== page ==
1: Research More Thoroughly
Start with tourist board sites, which sometimes have great airfare, accommodation, or activity deals. They also note which airlines serve the destination, enabling you to narrow your list of airline sites to check for deals. When doing so, be sure to compare apples to apples, using the same parameters — for example, round-trip fares including taxes and fees — on all sites. Then compare prices on so-called aggregator sites such as Kayak. In general, you’ll find the best deals by booking your vacation at least 21 days out and traveling off season.
2: Don’t Be Afraid of Opaque Sites
On “opaque” or bidding sites like Priceline or Hotwire, the name of the hotel, airline, etc., remains hidden until after you buy. Don’t let this scare you. These sites can offer tremendous savings, especially if you know a destination’s going rates (see #1) before bidding. The downsides are that you won’t have the flexibility to change your travel plans, and you will have to pay in advance.
3: Look Into Package Deals
Not only can packages — which include airfare, accommodations, and, sometimes, a car — save you big bucks, but some also have perks like a free extra night at a hotel. Packages work best if you’re traveling with two or more people to a big city or a resort area for at least three days. Check out packages offered by airlines serving your destination or by sites such as the AARP Travel Center powered by Expedia or Orbitz. Also look at destination-specialist packagers: Pleasant Holidays, for example, offers a range of packages to Hawaii, the Caribbean, Mexico, and Tahiti.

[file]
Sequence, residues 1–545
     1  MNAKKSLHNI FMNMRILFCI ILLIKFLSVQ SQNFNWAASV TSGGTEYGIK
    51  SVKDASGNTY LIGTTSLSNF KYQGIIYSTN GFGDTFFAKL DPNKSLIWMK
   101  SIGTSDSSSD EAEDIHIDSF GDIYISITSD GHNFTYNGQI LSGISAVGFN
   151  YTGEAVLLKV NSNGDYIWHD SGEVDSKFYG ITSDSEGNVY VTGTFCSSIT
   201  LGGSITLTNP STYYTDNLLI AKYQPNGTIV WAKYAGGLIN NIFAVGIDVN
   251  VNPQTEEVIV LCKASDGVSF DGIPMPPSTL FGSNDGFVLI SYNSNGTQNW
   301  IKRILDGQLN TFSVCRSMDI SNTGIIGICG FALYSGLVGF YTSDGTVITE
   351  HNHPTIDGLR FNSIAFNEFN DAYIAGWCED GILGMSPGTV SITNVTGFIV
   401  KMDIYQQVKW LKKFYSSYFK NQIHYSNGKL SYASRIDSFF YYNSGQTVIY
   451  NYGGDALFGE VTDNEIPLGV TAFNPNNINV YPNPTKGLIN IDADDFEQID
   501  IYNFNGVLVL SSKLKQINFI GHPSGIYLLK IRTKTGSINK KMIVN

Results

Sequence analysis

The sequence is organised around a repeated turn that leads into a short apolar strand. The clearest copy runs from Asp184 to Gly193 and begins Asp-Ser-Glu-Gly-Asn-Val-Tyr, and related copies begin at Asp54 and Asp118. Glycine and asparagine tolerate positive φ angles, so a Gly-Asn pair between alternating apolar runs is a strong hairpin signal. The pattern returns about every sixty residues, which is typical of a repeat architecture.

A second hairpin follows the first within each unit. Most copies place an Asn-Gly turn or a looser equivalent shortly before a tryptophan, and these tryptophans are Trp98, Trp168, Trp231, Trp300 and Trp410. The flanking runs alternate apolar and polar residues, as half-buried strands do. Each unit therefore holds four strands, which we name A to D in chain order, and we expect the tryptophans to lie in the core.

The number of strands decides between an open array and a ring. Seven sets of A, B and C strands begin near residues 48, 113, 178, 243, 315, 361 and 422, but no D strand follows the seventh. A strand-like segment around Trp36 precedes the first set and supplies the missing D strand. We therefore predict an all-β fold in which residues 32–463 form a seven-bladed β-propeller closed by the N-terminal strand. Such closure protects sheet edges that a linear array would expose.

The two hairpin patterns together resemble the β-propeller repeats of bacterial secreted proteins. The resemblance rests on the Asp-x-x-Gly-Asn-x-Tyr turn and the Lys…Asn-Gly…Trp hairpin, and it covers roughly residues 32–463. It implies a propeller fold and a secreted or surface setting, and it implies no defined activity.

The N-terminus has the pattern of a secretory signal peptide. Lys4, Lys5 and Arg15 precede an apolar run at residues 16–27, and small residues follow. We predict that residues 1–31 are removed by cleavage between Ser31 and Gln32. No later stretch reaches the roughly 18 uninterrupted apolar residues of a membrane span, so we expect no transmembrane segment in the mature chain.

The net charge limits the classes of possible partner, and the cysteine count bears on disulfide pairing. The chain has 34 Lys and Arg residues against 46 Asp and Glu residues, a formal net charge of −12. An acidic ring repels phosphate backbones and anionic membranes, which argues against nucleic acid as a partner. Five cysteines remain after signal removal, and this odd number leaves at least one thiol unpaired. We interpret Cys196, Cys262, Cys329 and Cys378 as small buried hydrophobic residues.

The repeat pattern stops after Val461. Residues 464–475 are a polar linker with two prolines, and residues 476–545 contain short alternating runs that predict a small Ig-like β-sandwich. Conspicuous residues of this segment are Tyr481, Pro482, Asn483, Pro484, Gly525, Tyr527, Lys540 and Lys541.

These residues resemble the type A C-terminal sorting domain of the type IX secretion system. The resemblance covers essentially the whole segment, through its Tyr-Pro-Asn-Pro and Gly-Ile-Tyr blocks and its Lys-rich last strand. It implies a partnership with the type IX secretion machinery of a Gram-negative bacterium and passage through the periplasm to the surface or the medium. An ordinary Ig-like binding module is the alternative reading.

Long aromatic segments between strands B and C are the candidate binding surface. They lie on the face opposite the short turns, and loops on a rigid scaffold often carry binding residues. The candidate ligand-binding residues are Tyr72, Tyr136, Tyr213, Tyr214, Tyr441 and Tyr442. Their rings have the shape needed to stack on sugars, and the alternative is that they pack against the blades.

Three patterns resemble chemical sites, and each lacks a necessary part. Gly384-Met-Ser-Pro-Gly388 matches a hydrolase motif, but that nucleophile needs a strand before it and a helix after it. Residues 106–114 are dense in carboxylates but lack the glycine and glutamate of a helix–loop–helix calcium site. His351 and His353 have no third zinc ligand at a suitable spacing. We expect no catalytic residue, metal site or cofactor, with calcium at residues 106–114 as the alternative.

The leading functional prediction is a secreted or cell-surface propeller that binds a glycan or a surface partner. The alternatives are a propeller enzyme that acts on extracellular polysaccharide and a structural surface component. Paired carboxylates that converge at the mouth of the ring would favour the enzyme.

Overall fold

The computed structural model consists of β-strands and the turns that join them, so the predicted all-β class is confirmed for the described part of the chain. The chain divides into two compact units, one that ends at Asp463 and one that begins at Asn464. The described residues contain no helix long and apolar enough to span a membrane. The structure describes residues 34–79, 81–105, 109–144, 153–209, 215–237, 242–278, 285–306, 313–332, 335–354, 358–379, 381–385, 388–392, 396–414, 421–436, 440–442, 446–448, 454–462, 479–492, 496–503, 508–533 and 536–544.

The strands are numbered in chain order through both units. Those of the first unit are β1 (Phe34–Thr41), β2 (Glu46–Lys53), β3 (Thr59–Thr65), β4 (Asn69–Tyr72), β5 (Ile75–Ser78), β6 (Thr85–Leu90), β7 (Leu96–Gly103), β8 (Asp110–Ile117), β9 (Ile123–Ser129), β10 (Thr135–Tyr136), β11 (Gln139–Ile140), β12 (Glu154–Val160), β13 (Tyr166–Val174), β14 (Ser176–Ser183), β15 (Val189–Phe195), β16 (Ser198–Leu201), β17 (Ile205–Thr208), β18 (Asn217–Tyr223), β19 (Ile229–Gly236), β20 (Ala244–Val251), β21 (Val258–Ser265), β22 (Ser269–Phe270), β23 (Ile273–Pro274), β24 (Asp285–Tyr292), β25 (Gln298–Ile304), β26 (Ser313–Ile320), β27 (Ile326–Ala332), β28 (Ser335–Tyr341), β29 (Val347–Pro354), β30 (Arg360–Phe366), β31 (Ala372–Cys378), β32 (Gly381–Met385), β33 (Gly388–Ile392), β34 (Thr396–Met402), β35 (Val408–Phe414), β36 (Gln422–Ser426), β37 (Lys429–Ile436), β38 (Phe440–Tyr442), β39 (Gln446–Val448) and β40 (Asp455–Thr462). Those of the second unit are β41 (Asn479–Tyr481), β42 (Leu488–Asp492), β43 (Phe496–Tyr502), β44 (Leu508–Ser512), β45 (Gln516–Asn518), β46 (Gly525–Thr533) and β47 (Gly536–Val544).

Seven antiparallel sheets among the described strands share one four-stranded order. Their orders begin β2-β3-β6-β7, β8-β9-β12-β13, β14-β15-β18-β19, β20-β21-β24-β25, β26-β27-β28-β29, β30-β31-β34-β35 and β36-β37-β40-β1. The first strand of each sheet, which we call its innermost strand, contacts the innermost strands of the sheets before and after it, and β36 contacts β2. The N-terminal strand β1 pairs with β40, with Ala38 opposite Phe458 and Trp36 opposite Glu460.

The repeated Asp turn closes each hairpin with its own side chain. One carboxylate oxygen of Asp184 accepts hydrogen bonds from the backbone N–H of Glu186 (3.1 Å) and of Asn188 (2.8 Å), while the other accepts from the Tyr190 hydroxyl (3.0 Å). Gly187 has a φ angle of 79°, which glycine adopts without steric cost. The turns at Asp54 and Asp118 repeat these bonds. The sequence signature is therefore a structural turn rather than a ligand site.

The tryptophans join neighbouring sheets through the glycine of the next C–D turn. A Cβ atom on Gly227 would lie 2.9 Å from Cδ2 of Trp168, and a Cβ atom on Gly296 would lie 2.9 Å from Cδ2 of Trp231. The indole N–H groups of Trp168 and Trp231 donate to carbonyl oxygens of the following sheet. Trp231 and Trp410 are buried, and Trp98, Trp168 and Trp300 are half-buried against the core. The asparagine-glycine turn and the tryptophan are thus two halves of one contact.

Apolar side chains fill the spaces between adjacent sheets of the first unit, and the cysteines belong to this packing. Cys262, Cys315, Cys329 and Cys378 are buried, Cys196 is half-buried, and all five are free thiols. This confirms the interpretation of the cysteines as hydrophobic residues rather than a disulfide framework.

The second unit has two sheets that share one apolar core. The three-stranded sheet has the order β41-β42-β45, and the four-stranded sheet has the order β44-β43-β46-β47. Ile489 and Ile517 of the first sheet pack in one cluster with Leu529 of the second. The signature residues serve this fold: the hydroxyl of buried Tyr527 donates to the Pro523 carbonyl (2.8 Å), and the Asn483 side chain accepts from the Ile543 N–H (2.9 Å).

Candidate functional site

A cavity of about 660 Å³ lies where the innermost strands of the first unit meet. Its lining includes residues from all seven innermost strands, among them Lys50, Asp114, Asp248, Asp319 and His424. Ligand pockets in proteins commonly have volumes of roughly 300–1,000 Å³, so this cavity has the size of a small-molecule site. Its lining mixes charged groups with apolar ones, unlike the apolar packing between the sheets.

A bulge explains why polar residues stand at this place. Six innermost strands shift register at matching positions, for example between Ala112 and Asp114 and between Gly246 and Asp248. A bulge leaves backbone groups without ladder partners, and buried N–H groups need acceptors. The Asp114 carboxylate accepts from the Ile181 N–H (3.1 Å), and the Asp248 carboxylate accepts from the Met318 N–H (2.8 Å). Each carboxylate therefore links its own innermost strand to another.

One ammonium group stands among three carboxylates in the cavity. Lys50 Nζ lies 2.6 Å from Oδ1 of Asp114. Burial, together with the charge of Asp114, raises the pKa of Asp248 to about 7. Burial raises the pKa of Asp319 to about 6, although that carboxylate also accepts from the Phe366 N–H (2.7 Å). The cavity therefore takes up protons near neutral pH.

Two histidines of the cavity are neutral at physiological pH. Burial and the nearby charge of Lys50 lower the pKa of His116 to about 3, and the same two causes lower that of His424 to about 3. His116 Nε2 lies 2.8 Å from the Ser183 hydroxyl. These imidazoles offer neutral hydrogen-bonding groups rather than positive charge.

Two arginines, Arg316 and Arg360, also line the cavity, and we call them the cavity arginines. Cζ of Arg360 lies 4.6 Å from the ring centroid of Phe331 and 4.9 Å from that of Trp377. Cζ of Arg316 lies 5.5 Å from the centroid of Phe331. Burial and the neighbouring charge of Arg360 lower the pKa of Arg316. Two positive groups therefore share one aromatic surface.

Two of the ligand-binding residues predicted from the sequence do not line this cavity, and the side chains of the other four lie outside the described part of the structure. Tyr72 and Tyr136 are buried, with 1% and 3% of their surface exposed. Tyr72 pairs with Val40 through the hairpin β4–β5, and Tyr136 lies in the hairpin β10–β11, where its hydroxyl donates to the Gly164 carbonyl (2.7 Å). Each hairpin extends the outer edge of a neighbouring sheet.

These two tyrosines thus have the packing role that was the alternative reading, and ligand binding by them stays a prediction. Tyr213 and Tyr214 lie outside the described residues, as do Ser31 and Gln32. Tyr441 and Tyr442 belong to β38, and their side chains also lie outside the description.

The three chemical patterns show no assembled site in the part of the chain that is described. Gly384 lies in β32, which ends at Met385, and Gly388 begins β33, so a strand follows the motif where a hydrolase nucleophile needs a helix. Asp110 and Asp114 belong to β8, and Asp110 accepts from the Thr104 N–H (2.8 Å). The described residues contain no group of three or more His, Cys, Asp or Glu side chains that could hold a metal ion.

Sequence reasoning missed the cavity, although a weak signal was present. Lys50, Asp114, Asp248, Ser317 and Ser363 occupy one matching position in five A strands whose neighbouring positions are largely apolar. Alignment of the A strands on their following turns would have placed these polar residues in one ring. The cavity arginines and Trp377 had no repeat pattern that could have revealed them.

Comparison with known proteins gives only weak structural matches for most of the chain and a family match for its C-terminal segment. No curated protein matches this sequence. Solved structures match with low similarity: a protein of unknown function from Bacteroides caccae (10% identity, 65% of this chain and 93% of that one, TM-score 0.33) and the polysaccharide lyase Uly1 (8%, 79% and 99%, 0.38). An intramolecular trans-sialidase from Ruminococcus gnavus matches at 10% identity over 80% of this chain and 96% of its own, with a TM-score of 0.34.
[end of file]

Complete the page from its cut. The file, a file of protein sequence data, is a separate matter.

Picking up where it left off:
4: Use a Travel Consolidator
Consolidators buy tickets from airlines in bulk and resell them at prices generally way below published fares. For years, they just sold to travel agents, but the Internet has changed that. And these discounted tickets are for regular flights on major lines — not stand-by flights or those on charter lines. One great consolidator is Expedia; to find others, check your newspaper’s Sunday travel section.
5: Book Through a Travel Agent
What’s old can be new again. If you don’t have the time or the temperament for research, consider booking your vacation through a brick-and-mortar or online travel agency. According to the American Society of Travel Agents, the average agency fee for booking an airline ticket — one that’s frequently the cheapest to be had — is only around $36. It’s a small investment that could pay great dividends. Travel agents are often destination experts, knowledgeable about deals and logistics. Plus, with one vacation booking e-mail or call, you can sort out everything. And, if you have any problems, your agent will generally go to bat for you.
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